By Alex Walker

Simple Clearing of Floats

By Alex Walker
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Without wanting to stray too deeply in Simon and Stuart’s technical CSS territory, I thought this was worth noting.

For all it’s many advantages, sometimes it’s the little things that CSS layout makes difficult that really get to you. Clearing floated elements is a good example.

The Problem:


One of the simplest and most common layout structures involves the placing of a small, set-width DIV — perhaps navigation, a quote or a bio — within a larger wrapping DIV that contains the remaining content. In a markup this might be something like:

<div id="outer">
 <div id="inner"> <h2>A Column</h2> </div>
 <h1>Main Content</h1>
 <p>Lorem ipsum</p>

We can set the width of ‘#inner’ (let’s say ‘width:20%’), but, being a block level element, the main content will always wrap beneath, unless we float it (either left or right). Here our classic problem begins.

If ‘#inner’ is shorter than #outer, all is well.

However, if ‘#inner’ grows taller than it’s wrapping parent, it breaks through the bottom edge of ‘#outer’. It’s as if ‘#outer’ forgets it’s supposed to be keeping tabs on what ‘#inner’ is doing as soon as you float it.

As we can’t always control the amount of content in these DIVs, it certainly presents a problem. Here’s a typical example of the problem in action. (Thanks to Pixy for the neat little content-gen script).

The Solutions:

a) The Markup Method: The first and W3C-recommended approach is a little ugly – extra markup. At the very end of your content, toss in a cleared element – typically something like <br style="clear:both"/>. It’s the HTML equivalent of wedging matchsticks into your window frame to jam a window open. This works, but ‘dirties your page’ with stuff that only exist so it renders properly.

b) The Aslett/PIE Method: Less than 12 months ago Tony Aslett working with came out with a new method so diabolically clever that they had to have been sitting in a fake island volcano, stroking a large white cat and laughing fiendishly when they thought of it.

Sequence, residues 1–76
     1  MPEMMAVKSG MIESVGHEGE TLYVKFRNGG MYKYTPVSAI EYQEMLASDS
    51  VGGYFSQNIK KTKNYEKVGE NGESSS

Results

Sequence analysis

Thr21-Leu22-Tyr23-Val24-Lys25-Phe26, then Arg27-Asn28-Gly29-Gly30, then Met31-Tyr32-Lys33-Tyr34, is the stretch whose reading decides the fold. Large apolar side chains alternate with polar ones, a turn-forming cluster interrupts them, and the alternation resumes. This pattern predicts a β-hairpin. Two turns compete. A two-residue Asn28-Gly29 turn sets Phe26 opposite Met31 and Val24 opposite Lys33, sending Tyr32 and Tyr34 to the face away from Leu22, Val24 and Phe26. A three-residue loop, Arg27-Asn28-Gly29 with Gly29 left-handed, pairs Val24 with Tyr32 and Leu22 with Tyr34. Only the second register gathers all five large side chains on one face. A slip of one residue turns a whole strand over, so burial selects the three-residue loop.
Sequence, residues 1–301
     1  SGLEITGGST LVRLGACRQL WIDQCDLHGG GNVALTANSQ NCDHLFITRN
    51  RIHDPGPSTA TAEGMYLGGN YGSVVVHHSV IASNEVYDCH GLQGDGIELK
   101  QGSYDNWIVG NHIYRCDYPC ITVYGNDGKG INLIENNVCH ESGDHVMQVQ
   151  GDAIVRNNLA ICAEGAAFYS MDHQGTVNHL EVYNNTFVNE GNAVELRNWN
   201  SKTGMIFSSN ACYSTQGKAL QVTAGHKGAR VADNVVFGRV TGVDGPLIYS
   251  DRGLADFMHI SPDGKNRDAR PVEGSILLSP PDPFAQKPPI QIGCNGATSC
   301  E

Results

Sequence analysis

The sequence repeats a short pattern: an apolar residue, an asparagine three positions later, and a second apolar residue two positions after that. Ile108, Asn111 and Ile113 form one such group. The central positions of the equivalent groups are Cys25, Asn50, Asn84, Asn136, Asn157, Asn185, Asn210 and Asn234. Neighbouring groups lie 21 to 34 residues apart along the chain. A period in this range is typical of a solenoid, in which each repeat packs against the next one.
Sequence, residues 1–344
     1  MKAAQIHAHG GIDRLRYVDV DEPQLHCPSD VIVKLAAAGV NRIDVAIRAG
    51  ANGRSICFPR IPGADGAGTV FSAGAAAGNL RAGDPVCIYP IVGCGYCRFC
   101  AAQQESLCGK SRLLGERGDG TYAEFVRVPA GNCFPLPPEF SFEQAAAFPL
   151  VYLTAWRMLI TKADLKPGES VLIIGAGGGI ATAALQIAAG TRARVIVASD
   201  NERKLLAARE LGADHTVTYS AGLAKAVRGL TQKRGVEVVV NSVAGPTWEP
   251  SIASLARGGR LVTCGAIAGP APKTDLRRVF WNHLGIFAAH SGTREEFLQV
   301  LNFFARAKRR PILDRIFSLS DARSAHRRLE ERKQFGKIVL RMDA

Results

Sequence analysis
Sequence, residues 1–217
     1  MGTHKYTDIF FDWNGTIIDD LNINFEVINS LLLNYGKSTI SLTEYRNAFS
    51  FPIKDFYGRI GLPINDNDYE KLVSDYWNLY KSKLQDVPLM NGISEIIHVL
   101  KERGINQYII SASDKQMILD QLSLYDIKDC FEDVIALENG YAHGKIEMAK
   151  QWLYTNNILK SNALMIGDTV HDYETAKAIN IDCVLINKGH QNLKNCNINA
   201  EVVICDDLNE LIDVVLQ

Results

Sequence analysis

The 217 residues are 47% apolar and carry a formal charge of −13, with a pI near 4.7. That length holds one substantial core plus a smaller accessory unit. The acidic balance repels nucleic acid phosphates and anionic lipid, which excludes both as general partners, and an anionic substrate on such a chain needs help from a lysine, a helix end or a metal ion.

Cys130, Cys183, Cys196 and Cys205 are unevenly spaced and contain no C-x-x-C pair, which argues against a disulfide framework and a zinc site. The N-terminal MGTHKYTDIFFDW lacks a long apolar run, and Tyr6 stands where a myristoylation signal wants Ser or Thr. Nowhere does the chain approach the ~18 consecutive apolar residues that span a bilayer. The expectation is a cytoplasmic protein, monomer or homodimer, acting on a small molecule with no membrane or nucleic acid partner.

You’ll need to read the tutorial to get the full story, but, in short, they use a little-known, rarely-used pseudo class (:after) to place a hidden, cleared full-stop after the content. Combined with a sprinkling of hacks, this works beautifully – but gives me a headache over my left eye when I think about it.

c) The Ordered List Method: Last October Steve Smith from published a slightly simpler method. Again, read his tutorial to get the low-down, but in short, his method involves ‘Floating nearly Everything’ (FnE), which naturally enough includes the outer DIV. This can have a considerable effect on the way your design stacks and as Steve says ‘it takes a little more tweaking’ but in general this method seems a little more robust to me.

d) That was my ‘current state of play’ until last week when SitePoint Forum’s own CSS Guru, Paul O’Brien, nonchalantly pointed out that adding a ‘overflow:auto’ to the outer DIV did the trick.

‘Rubbish’ I thought to myself.

Half an hour of testing later, I was amazed to find Paul was 100% correct – as this example shows. It seems that reminding the outer DIV that it’s overflow is set to ‘auto’, forces it to think “oh yeah.. I’m wrapping that thing, aren’t I?”.

This fact is so boringly simple that it’s hard to know if thousands of developers are well aware of it, but never thought to mention it. I know I showed the example page to four CSS-savvy SitePoint colleagues and all shock their heads, blinked slowly and said “Whaa…?” (or something similar).

From my testing, it seems to work identically in virtually every browser. Even IE4 seems to love it – only NS4 freaks out, and I’m not totally convinced a few hacks couldn’t get that working.

We haven’t had time yet to thoroughly test this method under rigorous match conditions, but so far there don’t seem to be any major drawbacks.

Certain combinations of margin and padding can force internal scrollbars. If you can’t ‘massage’ them away, we found ‘overflow:hidden’ has virtually the same effect without the scrollbars. The only drawback of ‘hidden’ seems to be the cropping of some images if they’re placed lower in the page.

Both issues seem very manageable.

Nice work, Paul.

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